Segmentation in Operating System
A process is divided into segments. The segments are not required to be of the same sizes.
There are 2 types of segmentation:
- Virtual memory segmentation
Each process is divided into a number of segments, not all of which are resident at any one point in time.
- Simple segmentation
Each process is divided into a number of segments, all of which are loaded into memory at run time, though not necessarily contiguously.
There is no simple relationship between logical addresses and physical addresses in segmentation. A table stores the information about all such segments and is called Segment Table.
The Segment Table maps the logical address, made up of the base address and the limit, into one-dimensional physical address. It’s each table entry has:
- Base Address: It contains the starting physical address where the segments reside in memory.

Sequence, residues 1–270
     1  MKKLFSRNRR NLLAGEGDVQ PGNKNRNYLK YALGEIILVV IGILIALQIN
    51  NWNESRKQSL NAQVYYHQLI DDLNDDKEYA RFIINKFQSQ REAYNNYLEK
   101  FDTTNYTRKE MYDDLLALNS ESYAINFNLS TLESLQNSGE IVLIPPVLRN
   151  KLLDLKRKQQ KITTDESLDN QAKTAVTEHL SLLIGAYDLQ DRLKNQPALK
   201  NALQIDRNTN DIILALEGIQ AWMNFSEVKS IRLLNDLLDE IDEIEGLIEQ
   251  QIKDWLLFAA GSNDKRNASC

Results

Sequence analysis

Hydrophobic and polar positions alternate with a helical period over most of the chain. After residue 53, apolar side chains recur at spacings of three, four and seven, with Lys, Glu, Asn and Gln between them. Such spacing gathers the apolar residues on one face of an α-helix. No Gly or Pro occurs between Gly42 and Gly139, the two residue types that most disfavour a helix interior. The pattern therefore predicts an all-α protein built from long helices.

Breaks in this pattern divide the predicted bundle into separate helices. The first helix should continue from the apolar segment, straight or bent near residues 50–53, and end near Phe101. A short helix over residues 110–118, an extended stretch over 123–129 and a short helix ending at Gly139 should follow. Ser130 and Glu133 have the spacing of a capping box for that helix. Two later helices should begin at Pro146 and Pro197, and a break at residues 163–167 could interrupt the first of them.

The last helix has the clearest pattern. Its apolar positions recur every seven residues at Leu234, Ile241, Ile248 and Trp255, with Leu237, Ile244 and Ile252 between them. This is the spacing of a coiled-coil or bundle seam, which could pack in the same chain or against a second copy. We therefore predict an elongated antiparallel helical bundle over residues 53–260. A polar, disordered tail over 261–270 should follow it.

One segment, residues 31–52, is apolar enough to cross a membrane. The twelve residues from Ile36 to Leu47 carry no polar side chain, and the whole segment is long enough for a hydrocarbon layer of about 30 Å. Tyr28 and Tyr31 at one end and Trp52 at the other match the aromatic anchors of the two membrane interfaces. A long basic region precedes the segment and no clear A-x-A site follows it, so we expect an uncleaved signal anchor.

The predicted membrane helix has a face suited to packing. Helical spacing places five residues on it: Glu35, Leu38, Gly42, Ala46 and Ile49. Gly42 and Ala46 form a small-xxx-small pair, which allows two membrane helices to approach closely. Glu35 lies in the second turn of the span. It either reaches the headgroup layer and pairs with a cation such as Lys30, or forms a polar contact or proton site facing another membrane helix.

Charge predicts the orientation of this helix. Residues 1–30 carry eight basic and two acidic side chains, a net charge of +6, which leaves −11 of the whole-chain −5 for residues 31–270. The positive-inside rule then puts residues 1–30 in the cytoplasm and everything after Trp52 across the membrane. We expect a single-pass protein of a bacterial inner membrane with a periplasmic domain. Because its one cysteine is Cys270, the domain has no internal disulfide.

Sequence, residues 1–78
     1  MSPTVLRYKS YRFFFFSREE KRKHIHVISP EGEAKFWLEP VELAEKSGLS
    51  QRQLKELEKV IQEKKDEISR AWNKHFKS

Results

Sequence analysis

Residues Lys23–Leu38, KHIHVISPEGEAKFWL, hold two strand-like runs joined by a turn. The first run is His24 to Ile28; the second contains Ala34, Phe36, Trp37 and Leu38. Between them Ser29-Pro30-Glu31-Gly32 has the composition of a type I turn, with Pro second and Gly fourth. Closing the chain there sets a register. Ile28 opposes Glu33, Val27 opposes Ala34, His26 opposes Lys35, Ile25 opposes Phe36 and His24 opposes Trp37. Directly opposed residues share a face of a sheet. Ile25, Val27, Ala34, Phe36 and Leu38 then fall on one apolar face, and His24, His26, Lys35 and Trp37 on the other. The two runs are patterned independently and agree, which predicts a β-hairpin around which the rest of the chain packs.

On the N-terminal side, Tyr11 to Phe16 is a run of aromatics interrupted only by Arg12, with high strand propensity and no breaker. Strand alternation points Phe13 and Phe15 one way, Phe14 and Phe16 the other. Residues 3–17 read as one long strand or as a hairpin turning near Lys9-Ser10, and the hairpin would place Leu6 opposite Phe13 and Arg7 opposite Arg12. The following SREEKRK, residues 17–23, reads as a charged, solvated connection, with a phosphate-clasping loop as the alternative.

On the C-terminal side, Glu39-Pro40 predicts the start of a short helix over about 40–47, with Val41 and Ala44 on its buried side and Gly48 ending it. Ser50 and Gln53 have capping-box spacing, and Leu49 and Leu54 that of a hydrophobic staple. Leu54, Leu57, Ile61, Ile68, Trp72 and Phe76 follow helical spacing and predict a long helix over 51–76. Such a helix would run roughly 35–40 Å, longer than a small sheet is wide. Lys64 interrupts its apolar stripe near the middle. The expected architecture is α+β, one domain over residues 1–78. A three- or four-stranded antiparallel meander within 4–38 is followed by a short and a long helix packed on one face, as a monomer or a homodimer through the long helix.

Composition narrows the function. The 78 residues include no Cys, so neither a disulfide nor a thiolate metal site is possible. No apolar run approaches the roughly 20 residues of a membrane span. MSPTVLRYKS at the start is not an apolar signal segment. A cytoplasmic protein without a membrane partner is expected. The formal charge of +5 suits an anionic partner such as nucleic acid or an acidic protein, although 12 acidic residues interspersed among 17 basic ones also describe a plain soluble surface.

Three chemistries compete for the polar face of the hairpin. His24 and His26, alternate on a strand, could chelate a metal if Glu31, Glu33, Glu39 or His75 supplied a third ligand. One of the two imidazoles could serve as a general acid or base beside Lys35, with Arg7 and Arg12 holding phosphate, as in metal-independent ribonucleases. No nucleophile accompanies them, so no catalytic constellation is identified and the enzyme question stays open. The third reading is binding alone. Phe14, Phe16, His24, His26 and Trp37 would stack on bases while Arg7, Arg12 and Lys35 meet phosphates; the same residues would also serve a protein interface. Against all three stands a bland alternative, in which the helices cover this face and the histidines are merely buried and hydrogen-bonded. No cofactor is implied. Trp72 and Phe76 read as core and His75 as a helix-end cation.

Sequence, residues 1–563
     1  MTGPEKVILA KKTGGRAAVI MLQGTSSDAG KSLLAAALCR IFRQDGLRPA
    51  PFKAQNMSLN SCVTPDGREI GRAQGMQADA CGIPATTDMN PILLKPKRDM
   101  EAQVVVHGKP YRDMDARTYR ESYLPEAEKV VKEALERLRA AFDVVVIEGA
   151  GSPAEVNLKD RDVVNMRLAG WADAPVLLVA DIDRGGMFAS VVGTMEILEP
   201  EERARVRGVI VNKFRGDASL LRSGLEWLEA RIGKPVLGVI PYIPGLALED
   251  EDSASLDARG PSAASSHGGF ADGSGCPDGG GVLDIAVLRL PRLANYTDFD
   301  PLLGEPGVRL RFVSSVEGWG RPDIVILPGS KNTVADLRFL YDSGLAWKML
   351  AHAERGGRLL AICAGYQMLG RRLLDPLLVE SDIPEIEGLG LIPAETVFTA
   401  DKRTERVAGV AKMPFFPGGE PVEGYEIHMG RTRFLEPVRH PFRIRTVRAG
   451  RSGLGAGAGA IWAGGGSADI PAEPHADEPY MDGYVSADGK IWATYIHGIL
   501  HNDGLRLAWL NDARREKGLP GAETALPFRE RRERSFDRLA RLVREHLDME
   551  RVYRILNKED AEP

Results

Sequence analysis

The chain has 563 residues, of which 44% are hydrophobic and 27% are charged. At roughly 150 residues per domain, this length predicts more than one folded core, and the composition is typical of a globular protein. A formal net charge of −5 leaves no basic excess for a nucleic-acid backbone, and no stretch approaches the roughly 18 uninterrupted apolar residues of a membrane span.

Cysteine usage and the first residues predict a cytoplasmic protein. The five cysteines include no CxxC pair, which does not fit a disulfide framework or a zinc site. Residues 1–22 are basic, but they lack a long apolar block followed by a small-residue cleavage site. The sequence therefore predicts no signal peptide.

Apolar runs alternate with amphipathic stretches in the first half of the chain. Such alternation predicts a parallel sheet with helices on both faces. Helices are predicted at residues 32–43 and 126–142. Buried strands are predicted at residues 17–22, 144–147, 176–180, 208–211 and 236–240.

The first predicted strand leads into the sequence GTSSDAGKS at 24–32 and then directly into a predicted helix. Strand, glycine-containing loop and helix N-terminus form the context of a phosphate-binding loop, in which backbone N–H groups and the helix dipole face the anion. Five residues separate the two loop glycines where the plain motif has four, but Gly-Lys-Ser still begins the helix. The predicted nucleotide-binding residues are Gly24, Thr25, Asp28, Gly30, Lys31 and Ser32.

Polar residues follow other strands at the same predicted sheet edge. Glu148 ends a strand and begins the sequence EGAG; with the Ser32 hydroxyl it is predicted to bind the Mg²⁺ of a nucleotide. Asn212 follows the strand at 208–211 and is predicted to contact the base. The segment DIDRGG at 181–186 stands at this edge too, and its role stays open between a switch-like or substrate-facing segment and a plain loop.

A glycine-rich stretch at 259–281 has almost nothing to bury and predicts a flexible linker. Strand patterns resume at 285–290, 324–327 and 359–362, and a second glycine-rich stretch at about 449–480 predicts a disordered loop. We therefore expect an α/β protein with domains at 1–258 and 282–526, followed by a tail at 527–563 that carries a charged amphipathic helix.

- Limit: It specifies the length of the segment.
Translation of a two dimensional Logical Address to one dimensional Physical Address.
Address generated by the CPU is divided into:
- Segment number (s): Number of bits required to represent the segment.
- Segment offset (d): Number of bits required to represent the size of the segment.
Walking through the diagram above:
- CPU generates a 2 part logival address.
- The segment number is used to get the Limit and the Base Address value from the segment table.
- If the segment offset (d) is less than the Limit value from the segment table then
- The Base Address returned from the segment table, points to the beginning of the segment
- The Limit value points to the end of the segment in physcial memory.
Advantages of Segmentation
- No Internal fragmentation.
- Segment Table consumes less space in comparison to Page table in paging.